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As a rule, a prerequisite for an increase in welfare is economic growth. However, growth in the EU has been sluggish for some time now. The recent Intereconomics conference “New Growth for Europe”, held in honour of this journal’s 50th anniversary, was dedicated to this topic. Our intention was to go beyond the traditional question of how to stimulate investment combining the usual set of economic policy instruments. Instead, the current economic problems in the EU could be seen as an opportunity to reflect upon a new approach to growth – one which considers the quality of growth in terms of sustainability and social concerns.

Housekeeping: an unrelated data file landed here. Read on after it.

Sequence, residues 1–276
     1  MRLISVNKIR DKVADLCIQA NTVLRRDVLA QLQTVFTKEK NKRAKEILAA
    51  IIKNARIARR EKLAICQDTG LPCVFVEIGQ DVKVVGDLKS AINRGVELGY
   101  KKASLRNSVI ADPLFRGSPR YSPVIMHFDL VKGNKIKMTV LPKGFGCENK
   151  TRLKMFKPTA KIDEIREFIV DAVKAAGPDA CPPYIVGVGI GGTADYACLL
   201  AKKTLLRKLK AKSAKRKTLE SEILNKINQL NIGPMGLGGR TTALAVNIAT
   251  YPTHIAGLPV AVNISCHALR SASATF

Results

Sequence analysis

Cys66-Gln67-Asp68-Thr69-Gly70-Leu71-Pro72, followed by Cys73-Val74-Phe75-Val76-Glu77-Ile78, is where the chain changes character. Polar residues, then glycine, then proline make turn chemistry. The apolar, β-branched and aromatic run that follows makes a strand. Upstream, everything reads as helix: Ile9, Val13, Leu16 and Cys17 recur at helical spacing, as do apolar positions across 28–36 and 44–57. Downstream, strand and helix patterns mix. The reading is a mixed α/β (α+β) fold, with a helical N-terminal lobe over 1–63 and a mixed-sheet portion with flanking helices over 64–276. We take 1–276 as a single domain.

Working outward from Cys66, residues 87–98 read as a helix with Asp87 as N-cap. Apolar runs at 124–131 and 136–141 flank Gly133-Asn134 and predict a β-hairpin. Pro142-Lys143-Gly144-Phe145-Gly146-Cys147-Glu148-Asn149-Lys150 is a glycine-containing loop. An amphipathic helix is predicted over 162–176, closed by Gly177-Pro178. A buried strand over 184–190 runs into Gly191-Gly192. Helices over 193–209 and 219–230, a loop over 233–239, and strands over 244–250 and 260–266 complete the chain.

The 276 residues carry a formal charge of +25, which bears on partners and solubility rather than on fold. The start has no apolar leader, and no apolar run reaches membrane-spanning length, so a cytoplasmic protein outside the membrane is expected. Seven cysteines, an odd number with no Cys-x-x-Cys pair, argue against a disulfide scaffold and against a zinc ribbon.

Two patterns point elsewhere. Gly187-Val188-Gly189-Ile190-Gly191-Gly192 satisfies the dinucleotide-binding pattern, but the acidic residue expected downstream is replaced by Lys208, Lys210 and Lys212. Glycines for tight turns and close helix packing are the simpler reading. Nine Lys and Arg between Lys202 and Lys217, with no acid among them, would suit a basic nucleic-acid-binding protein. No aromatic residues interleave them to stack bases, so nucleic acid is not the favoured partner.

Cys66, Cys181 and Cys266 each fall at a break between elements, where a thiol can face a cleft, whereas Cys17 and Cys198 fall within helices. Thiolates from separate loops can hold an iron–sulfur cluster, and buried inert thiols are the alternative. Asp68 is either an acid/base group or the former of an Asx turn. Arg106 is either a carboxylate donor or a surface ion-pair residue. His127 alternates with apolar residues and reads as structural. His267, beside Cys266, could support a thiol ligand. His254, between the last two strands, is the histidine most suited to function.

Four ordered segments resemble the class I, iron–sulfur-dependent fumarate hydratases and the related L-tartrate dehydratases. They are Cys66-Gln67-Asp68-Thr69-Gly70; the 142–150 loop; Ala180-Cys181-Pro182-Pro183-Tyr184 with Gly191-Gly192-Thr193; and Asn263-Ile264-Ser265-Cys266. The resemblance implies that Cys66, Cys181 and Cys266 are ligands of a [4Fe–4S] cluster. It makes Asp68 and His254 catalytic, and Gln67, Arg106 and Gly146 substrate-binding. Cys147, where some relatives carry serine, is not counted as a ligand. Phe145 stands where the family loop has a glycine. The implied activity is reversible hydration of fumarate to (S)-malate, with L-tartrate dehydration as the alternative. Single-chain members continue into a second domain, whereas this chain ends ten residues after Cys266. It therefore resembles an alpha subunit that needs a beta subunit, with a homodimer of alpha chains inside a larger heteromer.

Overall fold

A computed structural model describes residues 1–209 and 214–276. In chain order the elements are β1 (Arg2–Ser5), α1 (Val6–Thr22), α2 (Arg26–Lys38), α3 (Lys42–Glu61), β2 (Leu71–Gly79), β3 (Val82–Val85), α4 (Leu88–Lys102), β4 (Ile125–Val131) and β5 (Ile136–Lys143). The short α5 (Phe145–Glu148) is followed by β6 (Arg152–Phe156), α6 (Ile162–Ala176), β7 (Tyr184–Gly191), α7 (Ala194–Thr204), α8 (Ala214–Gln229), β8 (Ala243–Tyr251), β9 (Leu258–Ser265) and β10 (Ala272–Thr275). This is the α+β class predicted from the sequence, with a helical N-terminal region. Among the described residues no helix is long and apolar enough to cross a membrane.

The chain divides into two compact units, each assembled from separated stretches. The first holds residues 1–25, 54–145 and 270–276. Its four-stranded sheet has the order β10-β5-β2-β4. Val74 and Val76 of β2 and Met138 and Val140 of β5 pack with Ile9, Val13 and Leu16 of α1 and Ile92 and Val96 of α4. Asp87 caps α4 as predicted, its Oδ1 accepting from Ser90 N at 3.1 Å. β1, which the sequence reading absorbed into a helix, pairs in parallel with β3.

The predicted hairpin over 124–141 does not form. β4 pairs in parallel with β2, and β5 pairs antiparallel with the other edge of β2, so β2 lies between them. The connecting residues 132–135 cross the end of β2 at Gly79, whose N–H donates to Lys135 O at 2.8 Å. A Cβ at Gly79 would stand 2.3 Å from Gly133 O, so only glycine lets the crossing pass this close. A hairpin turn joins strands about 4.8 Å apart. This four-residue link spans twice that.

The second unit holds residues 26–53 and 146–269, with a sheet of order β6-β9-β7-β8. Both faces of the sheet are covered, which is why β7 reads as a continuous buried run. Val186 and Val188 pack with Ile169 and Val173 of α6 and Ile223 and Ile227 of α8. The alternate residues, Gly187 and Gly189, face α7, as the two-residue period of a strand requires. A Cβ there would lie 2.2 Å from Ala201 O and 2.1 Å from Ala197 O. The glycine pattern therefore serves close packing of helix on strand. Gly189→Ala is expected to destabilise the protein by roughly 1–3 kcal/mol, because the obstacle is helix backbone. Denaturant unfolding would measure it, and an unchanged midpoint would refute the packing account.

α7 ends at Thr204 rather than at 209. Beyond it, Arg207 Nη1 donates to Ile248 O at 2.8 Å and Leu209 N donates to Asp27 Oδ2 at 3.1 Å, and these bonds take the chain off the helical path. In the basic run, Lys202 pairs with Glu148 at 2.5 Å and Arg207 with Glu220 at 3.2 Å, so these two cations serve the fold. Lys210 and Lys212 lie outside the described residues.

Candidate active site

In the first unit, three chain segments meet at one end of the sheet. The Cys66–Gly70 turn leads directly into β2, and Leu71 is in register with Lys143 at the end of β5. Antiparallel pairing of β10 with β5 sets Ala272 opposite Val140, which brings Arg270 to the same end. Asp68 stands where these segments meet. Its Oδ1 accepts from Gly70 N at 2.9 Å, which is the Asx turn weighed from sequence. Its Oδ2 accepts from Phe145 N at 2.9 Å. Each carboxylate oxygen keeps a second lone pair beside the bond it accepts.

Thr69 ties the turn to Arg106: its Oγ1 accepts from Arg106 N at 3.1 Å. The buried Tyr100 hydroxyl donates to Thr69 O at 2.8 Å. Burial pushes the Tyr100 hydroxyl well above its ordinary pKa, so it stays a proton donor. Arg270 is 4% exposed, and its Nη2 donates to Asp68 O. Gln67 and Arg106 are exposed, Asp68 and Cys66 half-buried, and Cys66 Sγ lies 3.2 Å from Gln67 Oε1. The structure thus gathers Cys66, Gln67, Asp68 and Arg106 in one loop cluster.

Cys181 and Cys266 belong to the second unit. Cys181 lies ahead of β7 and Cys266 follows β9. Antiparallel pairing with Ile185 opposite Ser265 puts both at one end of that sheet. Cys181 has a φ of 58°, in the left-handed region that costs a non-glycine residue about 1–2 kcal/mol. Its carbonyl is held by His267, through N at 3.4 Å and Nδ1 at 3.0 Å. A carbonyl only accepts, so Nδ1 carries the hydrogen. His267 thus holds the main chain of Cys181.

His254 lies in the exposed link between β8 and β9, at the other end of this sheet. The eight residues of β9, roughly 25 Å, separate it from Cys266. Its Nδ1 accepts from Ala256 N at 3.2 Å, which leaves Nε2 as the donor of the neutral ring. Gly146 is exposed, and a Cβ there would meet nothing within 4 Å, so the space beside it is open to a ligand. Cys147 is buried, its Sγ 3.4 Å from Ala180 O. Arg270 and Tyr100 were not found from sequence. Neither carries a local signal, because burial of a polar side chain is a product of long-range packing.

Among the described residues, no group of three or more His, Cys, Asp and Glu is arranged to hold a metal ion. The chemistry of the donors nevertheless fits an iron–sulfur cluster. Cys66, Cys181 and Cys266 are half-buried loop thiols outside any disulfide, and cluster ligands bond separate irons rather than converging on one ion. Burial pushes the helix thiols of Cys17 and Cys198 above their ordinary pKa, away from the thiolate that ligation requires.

Economists have invested considerable time and resources into researching solutions to Europe’s faltering economic growth. Policymakers throughout Europe have made the revival of economic growth a major point of emphasis, pushing plans that range from fighting government debt to stimulating research and innovation to re-inventing industrial policy. However, the relationship between economic research and economic policy is often characterised by a wide gap caused by unfulfilled expectations on both sides. Hence, a bridge seems necessary to make the results of economic thinking accessible for policymakers and thereby give economic research an opportunity to become relevant for policymaking. Building this bridge has been the mission of Intereconomics for half a century.